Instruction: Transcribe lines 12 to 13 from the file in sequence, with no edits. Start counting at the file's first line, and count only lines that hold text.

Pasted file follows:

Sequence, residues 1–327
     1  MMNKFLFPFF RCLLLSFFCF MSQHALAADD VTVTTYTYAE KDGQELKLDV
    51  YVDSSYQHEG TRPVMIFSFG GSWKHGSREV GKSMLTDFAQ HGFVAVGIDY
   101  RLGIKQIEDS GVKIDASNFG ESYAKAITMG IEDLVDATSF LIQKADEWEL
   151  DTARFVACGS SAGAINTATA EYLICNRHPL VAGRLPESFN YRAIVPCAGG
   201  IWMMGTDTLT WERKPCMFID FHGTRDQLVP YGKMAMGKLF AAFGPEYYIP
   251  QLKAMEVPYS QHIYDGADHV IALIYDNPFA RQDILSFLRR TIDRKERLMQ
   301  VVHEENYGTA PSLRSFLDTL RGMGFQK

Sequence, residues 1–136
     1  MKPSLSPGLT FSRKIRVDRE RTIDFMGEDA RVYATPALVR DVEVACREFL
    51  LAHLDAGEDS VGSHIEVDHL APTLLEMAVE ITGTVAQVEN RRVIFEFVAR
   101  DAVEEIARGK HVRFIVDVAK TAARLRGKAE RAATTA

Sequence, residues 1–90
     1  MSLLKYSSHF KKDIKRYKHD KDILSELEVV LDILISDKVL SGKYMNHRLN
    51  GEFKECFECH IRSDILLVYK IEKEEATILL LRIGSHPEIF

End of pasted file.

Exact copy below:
   101  DAVEEIARGK HVRFIVDVAK TAARLRGKAE RAATTA

Sequence, residues 1–90